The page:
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12 min read
Apr 30, 2022

As online video consumption is steadily growing, 86% of businesses added video content production to their marketing mix. Videos are capable of boosting user engagement, taking the load off the support team, building user communities, attracting qualified leads, and even driving sales. 

This can be achieved through video distribution across multiple channels. One of such channels that is often overlooked is SEO.

Today, more and more videos find their way into the SERPs, especially on mobile. According to the statistics, 27.92% of mobile SERPs in the US contain a video. The numbers are even more impressive in the European markets: 32.03% in Germany, 32.97% in the UK, and a staggering 37.36% in Spain.

Stats on videos on SERPs

When googling a popular how-to query, in most cases, you’ll get a SERP that looks like this:

I bet you wouldn’t mind securing a spot for your video in such a SERP. To do so, you’ll need to sync your video marketing and SEO initiatives.

And the first step will be finding the right topics to address. 

I’ll show you how this can be done with the help of SE Ranking. 

Find topics to cover in your video

How do you generate your video ideas? Perhaps you draw inspiration from your product. Or maybe you create videos based on customers’ requests.

To gain extra SERP visibility, you’ll have to embrace a different approach. 

Google favors videos for certain queries and sticks to the classic blue links for other keywords. SE Ranking’s tools can help you find the right search queries.

Create videos for the keywords you already rank for

Finding the right keywords is easy with the Competitive Research tool. Out of all the keywords your site ranks for, it will single out those with videos in the SERP. 

Simply enter your website URL into the search box and scroll the dashboard to the SERP Features section. 

Click the Video tab, and you’ll get a lengthy list of keywords. Your site ranks for all these keywords. Plus, they trigger a SERP featuring videos.

Keywords with videos in SERP

To make your way through a bulky list of keywords, you can use filters.

For example, you can restrict search volume range to get rid of too-general queries and those that can bring very little traffic, which are not worth your while.

You can also exclude some topics you don’t want to cover in your videos.

Excluded keywords

Another option is to find keywords that aren’t making it to the top-10 and try to grab the spot on Google’s first page with quality videos.

Keywords out of the top-10

You can also indicate a broader topic that is already on your content marketing calendar. The tool will hint as to what people are searching for.

Keywords with certain queries

A great thing about the tool is that you can always check out the SERP and the exact videos it features. Just click the three dots next to a particular keyword and check Live results.

Live results button
Live SERP

This way, you’ll know which videos you’ll have to compete with.

Find brand-new topics for your videos 

It is also possible that your website doesn’t still rank for some keywords that could make a great video. For a limitless pool of topic ideas, go to SE Ranking’s Keyword Research. There, you’ll find millions of queries people Google regularly. And, naturally, many of them trigger video snippets.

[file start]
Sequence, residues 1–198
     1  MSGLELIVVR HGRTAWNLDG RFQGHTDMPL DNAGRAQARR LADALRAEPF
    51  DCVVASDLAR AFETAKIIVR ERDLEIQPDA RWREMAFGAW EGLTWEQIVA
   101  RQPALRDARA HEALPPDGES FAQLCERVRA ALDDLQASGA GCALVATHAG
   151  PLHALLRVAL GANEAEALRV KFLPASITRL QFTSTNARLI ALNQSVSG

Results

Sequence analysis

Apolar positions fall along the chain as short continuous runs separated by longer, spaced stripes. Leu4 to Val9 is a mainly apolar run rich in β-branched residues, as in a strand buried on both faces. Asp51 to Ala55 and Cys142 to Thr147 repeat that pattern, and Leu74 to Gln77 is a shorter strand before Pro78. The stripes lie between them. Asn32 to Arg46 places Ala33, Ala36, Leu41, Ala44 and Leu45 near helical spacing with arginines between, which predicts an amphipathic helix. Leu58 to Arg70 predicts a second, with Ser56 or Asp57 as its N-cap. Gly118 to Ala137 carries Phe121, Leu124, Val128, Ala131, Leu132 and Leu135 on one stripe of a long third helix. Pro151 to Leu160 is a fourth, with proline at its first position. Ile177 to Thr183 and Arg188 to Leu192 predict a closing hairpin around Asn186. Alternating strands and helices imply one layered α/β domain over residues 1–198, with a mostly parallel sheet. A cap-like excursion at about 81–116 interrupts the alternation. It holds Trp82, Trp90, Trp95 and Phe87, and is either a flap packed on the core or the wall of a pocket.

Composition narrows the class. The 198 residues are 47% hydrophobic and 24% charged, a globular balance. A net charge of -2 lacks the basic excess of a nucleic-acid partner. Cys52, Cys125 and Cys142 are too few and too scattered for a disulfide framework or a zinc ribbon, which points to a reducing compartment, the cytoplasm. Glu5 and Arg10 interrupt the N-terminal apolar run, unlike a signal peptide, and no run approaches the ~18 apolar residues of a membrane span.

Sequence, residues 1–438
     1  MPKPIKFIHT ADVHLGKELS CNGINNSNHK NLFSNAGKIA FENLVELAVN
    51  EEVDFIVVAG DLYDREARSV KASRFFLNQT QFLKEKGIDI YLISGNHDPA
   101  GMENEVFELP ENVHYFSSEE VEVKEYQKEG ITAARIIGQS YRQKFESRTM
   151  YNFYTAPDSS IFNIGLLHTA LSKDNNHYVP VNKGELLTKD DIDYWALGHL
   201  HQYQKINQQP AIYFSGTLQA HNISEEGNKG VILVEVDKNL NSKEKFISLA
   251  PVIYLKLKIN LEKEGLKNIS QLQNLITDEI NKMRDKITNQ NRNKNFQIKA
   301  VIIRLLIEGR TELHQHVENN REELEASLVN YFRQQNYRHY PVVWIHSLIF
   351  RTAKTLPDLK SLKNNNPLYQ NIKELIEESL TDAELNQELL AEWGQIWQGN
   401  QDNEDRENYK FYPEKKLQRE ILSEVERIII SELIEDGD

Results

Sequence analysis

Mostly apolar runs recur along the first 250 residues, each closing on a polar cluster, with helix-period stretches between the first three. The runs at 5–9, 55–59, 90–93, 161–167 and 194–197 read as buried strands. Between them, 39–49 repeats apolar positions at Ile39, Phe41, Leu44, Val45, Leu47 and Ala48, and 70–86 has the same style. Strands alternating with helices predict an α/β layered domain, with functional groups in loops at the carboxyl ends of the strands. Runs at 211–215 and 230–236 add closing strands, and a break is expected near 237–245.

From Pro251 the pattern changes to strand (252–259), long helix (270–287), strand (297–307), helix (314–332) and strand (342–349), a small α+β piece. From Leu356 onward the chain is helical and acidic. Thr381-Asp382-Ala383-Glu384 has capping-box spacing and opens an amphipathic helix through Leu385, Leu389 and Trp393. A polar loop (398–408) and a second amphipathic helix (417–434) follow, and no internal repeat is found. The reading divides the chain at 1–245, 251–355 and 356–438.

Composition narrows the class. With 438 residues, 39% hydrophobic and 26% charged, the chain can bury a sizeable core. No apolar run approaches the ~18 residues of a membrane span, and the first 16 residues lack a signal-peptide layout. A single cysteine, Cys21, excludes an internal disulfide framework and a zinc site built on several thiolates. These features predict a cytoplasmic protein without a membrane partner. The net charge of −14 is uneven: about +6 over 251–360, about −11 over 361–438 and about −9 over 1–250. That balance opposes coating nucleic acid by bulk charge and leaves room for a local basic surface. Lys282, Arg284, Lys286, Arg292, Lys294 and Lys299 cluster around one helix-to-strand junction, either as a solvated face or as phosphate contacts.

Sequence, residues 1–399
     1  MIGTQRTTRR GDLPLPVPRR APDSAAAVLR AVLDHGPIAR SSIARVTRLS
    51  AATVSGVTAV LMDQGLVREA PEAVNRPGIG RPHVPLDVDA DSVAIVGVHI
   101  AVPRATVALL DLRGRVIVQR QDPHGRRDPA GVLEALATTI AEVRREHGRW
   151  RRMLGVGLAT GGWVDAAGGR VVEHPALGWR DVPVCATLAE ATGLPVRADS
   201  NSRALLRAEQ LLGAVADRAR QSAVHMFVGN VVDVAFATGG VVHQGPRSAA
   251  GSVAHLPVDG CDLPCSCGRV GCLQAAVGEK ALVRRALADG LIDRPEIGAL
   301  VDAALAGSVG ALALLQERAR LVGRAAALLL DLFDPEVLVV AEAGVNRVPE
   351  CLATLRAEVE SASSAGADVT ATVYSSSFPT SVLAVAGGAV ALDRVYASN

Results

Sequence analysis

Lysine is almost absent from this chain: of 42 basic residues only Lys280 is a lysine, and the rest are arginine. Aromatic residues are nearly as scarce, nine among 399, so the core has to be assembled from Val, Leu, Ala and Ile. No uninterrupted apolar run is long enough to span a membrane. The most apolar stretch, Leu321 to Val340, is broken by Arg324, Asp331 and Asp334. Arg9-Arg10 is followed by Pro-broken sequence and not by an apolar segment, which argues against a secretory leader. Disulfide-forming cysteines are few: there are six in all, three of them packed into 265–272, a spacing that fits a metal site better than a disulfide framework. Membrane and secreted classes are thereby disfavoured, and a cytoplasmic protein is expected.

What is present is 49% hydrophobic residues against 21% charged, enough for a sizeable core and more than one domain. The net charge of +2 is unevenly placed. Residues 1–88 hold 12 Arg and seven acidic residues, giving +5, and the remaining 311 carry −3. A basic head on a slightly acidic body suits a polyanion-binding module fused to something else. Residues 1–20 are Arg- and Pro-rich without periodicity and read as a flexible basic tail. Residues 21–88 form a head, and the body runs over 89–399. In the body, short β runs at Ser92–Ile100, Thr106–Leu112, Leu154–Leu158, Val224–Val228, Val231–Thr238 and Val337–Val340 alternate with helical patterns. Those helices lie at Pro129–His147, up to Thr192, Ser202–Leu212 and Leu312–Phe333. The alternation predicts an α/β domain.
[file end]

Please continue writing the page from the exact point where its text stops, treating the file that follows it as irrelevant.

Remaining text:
Start by entering any of the search queries related to your business that come to your mind. In the example below, the keyword I entered doesn’t contain a video snippet in the SERP. But once I go to the Similar keywords report, I’ll surely find plenty of video opportunities. 

Video ideas with Keyword Research

Use filters to single out keywords that trigger a video snippet. As always, you can filter out keywords with a certain search volume.

Video-triggering keywords

Finally, there’s a pro tip I want to share with you. If your niche is not-so-video-rich as the crafts industry I used as an example, you can create videos for keywords that don’t yet feature a video in the SERP but may probably soon.

Paste a keyword that triggers a video snippet into the Keyword Research tool and look for keywords of the same cluster. As a rule, if the SERP is dominated by video content for some keywords of the cluster, other keywords will follow the lead over time. This gives you a heads up to create respective videos and have better chances to make your way to the SERP in the future.

Make your videos stand out in Google

Finding topics that could grant you a sweet SERP spot is easy with SE Ranking. The hard part is making Google favor your videos over others and putting them at the top of the SERP.

Google keeps silent about the exact algorithms it uses, but it is generally believed that videos that are popular on YouTube have better chances of being featured on Google. 

Also, a small portion of videos hosted directly on the websites also make it to the video snippets. To make this happen, you’ll need to use special video Schema markup.

You have better chances to conquer the SERP by boosting your YouTube presence. So, the next part of this article will focus on adapting your videos to YouTube’s latest algorithms.

I’ll briefly go over basic tips that will help you get more traction on YouTube. And for those of you who feel like you’ve had enough reading for today, here’s SE Ranking’s recent webinar replay. 

Greg Jarboe will guide you on how to optimize your videos for Search and Discovery in 10 steps: 

Create powerful titles and descriptions

From its early days, YouTube search ranking algorithms largely relied on keyword placement within the video title and description. Today, the way you optimize your titles and descriptions still matters. Thus, make sure to:

  • Create an enticing title that will grab viewers’ attention. At the same time, avoid using clickbait phrases or titles that mislead users. YouTube doesn’t like misleading techniques, and such videos are less likely to make it to YouTube recommendations.
  • Keep your title under 50 characters to make sure it properly fits on mobile screens.
  • Add your main keyword to the title and put it closer to the start of the title. Also, use the video description to feature your secondary keywords.
  • Use natural conversational language in the video description. Start the description with the most important information that is visible immediately, but don’t neglect the opportunity to fit all the details—and extra keywords—into the part of the description that is hidden under the Show more button.